CEEH Centro de Estudios Europa Hispánica

Anne d’Autriche. Infante d’Espagne et reine de France


Chantal Grell (dir.)


452 pages, 204 illustrations; hardcover


French; a joint publication of the CEEH and the Centre de recherche du château de Versailles; 2009





Also available in Spanish

The life of Anne of Austria (1601-1666) was beset with difficulties. As Philip III’s firstborn daughter, she was destined from an early age to take on a prominent role in the grand designs of international politics which led to the sealing of an alliance between Spain and France in 1615 with a double wedding: her own marriage to Louis XIII and that of Elisabeth of Bourbon to the future Philip IV. However, the union between the two great Catholic monarchies failed to secure unanimous approval beyond the Pyrenees.

Upon arriving in France the young queen was faced with a string of setbacks and disappointments. The continued childlessness of her marriage led Anne, who was drawn into the intrigues and plots devised by Richelieu’s government and suspected of betrayal on account of her complicity with Spain, to the verge of a humiliating repudiation. But a miracle occurred: her late pregnancy in 1638 and the birth of the heir to the throne.

After being widowed in 1643 she proved to possess an undisputable political talent as a regent. Faithful to the legacy of Louis XIII, she firmly backed Mazarin and warded off Spanish threats of invasion and attempts at civil war in France. When the peace of the Pyrenees was concluded in 1659 with a new marriage alliance between Spain and France, she handed over the most powerful state in Europe to her son Louis XIV.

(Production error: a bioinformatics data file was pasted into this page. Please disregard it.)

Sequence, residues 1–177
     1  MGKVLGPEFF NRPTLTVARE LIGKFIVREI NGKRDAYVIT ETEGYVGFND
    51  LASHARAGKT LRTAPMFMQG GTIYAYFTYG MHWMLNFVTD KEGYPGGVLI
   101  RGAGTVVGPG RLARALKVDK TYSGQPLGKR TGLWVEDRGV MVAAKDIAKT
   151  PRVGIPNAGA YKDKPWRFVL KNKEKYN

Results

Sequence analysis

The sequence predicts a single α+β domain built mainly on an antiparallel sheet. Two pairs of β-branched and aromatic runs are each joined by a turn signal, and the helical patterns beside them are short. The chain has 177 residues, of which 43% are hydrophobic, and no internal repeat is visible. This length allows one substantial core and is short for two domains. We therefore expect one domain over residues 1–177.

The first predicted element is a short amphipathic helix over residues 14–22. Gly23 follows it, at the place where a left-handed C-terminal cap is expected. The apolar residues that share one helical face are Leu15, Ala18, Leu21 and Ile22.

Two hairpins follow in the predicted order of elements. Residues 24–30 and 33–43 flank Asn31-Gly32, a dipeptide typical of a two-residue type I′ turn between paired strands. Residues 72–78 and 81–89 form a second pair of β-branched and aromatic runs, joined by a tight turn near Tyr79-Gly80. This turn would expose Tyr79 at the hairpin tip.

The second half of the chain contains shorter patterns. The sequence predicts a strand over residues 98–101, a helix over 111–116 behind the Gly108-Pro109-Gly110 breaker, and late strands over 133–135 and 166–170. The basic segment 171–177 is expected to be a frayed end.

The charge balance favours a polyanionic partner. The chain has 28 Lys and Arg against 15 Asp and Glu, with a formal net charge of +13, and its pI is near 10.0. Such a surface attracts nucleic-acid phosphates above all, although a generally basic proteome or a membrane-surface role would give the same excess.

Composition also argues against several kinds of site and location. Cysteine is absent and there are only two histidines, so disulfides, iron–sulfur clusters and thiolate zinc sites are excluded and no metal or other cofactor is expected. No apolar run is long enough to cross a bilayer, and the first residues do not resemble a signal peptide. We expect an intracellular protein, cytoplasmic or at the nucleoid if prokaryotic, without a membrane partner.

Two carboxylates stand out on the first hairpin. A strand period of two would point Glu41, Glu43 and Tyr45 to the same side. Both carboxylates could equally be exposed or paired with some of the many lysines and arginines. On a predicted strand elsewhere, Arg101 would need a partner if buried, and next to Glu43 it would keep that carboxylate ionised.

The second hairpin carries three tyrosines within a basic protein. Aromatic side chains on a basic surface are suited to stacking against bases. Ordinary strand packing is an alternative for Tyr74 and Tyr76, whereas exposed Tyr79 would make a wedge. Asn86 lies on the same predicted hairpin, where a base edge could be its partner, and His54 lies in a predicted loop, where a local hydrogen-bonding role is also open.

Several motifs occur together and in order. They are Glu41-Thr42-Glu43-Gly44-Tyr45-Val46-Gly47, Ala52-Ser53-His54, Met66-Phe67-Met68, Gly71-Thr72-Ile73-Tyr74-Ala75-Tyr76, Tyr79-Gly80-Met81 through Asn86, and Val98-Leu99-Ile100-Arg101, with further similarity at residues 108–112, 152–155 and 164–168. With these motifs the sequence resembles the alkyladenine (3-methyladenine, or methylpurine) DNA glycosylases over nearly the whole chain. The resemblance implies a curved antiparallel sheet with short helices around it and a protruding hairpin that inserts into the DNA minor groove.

This book is not simply another biography of the infanta of Spain and queen of France. Under the direction of Chantal Grell, professor of Modern History at the University of Versailles Saint-Quentin, a group of specialists of international renown provide new viewpoints and interpretations of the reign and personality of Anne of Austria. Their hitherto unpublished research, underpinned by a sound critical and documentary apparatus, is accompanied by the most complete and careful iconographical repertory compiled to date on this figure, making this set of studies a reference work for anyone interested in seventeenth-century Europe.

Chantal Grell is professor of Modern History at the University of Versailles Saint-Quentin. During this time she has written important studies, such as L’Histoire entre érudition et philosophie (1993) and Le XVIIe siècle et l’Antiquité en France (1995). She currently directs the research center ESR Moyen Âge-Temps modernes and belongs to the scientific committee of the Centre de recherche du château de Versailles.